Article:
The five-member vocal group Pentatonix has taken the pop music world by storm since they first leapt onto the scene in 2011. They have won multiple Grammy Awards, and are currently in the midst of their 2016 World Tour.
As a teacher, my kids were constantly (read: at least once a week) asking “Can we do something by Pentatonix?” So, whether you are getting those same questions or are just looking for some quality contemporary pieces to program, below are three of the PTX pieces we offer that we felt stood out from the rest. Because these were, at the start, arranged for multiple voices, they translate very well to a school choral setting; these provide a great way to incorporate pop music into your program without sacrificing musical integrity by using a piece never intended for choral use.
All three of these pieces were also featured at our Joy of Singing clinic over the summer, and if you would like to view the videos of those pieces being presented, they can be found here.
Sing arr. Mark Brymer
This piece is high energy, and works well with both the piano accompaniment and the full accompaniment recording. Your kids will love how peppy and upbeat the piece is, and that will feed well into your rehearsal energy as well. There are some great opportunities in here to reinforce rhythm work that has been done throughout the year, and we really feel that this is a piece that kids will get excited about.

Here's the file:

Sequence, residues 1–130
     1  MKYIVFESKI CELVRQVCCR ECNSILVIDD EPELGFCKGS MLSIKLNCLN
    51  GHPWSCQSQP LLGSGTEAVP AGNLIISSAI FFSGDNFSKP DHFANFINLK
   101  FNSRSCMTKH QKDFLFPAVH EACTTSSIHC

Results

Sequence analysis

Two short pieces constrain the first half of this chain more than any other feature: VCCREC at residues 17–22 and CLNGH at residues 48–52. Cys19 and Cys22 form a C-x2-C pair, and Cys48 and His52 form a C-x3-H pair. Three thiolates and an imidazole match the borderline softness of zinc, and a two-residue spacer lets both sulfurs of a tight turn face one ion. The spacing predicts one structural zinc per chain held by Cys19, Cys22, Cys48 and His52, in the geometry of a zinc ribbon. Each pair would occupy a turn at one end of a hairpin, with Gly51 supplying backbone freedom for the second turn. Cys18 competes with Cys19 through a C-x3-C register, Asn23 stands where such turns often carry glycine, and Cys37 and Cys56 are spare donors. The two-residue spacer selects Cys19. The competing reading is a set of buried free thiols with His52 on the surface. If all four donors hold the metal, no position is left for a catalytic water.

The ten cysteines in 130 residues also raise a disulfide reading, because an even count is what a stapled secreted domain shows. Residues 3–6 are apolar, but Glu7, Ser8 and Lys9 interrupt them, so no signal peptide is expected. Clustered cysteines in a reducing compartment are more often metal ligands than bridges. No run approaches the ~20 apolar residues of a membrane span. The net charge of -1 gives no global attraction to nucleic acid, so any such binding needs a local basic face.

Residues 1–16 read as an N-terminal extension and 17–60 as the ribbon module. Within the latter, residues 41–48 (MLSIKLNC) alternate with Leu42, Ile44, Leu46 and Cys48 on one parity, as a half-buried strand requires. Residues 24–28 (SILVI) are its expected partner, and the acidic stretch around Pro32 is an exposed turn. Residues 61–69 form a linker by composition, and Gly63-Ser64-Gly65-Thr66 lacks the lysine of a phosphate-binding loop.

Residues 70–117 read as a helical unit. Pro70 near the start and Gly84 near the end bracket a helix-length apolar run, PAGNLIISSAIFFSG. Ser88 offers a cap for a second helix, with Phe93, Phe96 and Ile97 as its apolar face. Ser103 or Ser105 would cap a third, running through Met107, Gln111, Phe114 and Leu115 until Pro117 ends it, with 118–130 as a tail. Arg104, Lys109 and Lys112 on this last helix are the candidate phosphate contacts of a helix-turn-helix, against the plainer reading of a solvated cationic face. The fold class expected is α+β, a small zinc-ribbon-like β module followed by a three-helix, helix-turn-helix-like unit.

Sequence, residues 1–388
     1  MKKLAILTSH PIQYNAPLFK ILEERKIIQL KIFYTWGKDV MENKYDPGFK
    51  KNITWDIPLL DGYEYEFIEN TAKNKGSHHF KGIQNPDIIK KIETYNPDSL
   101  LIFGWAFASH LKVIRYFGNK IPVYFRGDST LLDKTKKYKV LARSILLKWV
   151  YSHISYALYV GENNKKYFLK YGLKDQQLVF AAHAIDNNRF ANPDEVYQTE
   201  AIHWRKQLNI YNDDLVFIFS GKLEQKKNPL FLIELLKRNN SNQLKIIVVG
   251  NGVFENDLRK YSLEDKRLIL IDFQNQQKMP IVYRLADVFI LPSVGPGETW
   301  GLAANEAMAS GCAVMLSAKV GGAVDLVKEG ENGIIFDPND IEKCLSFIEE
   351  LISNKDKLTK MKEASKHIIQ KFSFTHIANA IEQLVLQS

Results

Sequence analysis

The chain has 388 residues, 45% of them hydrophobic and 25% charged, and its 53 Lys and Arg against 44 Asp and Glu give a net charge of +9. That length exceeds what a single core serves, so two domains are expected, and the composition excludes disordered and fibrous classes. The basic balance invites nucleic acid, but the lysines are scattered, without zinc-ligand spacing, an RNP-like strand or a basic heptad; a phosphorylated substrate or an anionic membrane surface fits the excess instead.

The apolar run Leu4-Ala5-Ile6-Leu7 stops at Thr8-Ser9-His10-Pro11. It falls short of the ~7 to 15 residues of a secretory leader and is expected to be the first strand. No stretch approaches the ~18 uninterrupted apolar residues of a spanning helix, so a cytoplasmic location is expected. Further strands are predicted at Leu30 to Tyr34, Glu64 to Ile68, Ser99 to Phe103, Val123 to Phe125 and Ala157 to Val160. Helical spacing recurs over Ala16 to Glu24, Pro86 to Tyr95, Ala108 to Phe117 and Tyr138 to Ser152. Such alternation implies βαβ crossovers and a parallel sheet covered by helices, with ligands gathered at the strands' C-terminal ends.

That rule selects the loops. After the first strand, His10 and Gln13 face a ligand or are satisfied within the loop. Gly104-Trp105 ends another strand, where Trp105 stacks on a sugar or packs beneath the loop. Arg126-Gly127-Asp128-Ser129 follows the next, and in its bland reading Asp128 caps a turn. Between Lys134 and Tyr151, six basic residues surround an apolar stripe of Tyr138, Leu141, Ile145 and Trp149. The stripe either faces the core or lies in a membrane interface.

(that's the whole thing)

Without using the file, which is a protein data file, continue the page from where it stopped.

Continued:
Na Na Na arr. Mac Huff
This piece is just as high energy as “Sing,” and also can be performed effectively with either the written piano accompaniment or the accompaniment track. Mac Huff did a great job of using voice ranges that will work well for the target age range of a high school choir. It also provides an opportunity to use a beat boxer, so if you have a student who has that skill, this would be a great way to feature them.
Take Me Home arr. Roger Emerson
This is one of my favorite Pentatonix pieces. I think it provides a much-needed way to perform a pop piece while using the warm tone you have worked hard to achieve with your choirs. This arrangement is well-voiced, and has a rich, full sound; all of the ranges are in a warm place in the voice. I also really love that the tenors have the melody through most of the piece (as a soprano, I feel I can say that that’s a welcome change that happens too infrequently). I hope you enjoy this piece as much as we have.
About the Authors:
Jen Sper has been with Stanton’s since 2006. A former middle school and high school choral director, she holds a Bachelor of Music Education degree from Baldwin Wallace College Conservatory of Music. An active choral singer and accompanist throughout the Central Ohio area, she also enjoys good food, running (to counteract the good food…) and the Muppets.
Alissa Ruth began working at Stanton’s in the summer of 2016. She is a former middle and high school choir director and holds a Bachelor of Music in Education degree from Capital University. She is an active choral singer in the Columbus area, and spends her free time running, doing yoga, cooking, and watching Netflix.